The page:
Psychology and Psychological Practice MSci (Hons)
Undergraduate, Single Honours
How long it takes:
Undergraduate (4 Years)
Distance learning/ Campus
Find out more about
Newcastle Law School
First and second years
In your first two years you will study the core theories and methods of psychology, covering child development, learning, abnormal behaviour, cognitive psychology, perception, personality, social psychology, and brain and behaviour. You will also learn how to design experiments and collect and analyse data.
Year abroad option
As a current student you will have the opportunity to take a year abroad in between your second and third years, in a location such as the USA, Canada, Australia, Hong Kong or Singapore. If you take this option you will receive an MSci with Year Abroad.
- Research Methods A: Basic Skills
- Research Methods B: Introduction to Psychological Investigation and Statistics
- Cognitive Psychology
- Introduction to Psychobiology: from Ion Channels to Behaviour
- Introduction to Learning
- Introduction to Developmental Psychology
- Developing Skills for Psychologists/Neuroscientists 1: Making it work at University
- Developing Skills for Psychologists/Neuroscientists 2: Engaging professionally
- Social and Cognitive Development
- Introduction to Psycholinguistics
- Introduction to Social and Differential Psychology
- Neural Basis of Vision and Action
- Research Methods C
- Research Methods D
- Introduction to Forensic Psychology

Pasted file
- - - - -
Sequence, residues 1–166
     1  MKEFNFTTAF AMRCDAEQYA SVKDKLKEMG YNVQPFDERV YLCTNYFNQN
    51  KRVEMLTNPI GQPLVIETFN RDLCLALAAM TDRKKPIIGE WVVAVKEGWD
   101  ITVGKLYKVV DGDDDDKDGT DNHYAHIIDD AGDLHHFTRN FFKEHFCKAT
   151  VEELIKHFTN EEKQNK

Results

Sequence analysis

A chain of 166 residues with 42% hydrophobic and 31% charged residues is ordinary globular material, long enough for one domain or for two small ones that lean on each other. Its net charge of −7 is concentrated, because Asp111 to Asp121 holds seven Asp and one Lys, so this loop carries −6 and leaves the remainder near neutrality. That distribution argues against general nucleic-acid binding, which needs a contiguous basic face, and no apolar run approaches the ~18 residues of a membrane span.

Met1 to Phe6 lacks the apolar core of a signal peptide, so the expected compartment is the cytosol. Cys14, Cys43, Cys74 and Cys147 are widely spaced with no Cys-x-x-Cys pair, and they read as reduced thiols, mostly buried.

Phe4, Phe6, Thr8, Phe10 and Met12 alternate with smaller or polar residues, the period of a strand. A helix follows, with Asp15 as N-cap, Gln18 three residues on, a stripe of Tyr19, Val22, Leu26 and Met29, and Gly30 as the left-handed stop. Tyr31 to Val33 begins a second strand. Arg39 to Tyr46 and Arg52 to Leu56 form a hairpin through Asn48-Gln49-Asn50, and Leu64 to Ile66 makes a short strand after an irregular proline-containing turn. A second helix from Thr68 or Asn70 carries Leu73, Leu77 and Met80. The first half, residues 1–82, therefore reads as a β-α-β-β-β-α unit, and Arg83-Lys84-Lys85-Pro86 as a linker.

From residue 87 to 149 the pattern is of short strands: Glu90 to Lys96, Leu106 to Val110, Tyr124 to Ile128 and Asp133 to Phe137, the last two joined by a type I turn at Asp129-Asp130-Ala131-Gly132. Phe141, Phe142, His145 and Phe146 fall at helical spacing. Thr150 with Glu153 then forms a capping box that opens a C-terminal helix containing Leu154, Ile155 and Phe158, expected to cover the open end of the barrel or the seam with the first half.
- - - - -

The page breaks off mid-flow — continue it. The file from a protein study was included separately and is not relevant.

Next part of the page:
Year 3 is designed to allow you to develop your individual interests and abilities. You will choose four modules from a wide range of subjects. The modules on offer may vary from year to year, but examples include: Understanding Emotions, Visual Cognitive Neuroscience and Art, Why we eat what we eat, and Clinical Psychology of Severe Intellectual Disability. Class sizes in the third year encourage discussion and places are subject to availability. For each chosen module, there is usually a weekly two-hour lecture plus workshops and/or seminars.
In Year 3 you will also complete an independent Research Project. Under the guidance of a supervisor, you will design a study in your chosen research area, collect and analyse the data, and interpret the data for an oral presentation and written report. This is a substantial piece of independent work that accounts for one-third of the year’s grade, and allows you to develop in-depth knowledge of a specific sub-field of psychology.
Option modules – Example option modules may include:
- Adolescence: Mind and Brain
- Adult Neuropsychological Syndromes
- Antisocial and Violent Behaviours: A Multilevel Perspective
- Brain Damage and Aging in the Attentional System
- Brain Imaging: a Toolbox for Understanding the Human Mind
- Clinical Psychology of Severe Intellectual Disability
- Communities and Social Action
- Development and Disorders of Language in Children
- Early Intervention: Can we improve atypical and neurodevelopmental outcomes?
- Higher Cognitive Function in Children, Adults and Non Human Animals
- Introduction to Programming
- Rehabilitating the Brain
- The Mind Detective: Understanding how the mind works by looking at what happens when it is damaged
- The Neurobiology of Mental Illness
- Visual Cognitive Neuroscience and Art
- Why We Eat What We Eat
- Why We Remember and Why We Forget
- Understanding emotions: A neuro-cognitive perspective
- Psychology of Popular Media Culture
In the fourth year of the MSci Psychology and Psychological Research, you study a range of modules all of which are at Masters level. You will carry out a three-month research placement and a six-month research project within the School, as well as receiving training in transferable skills and advanced scientific methods.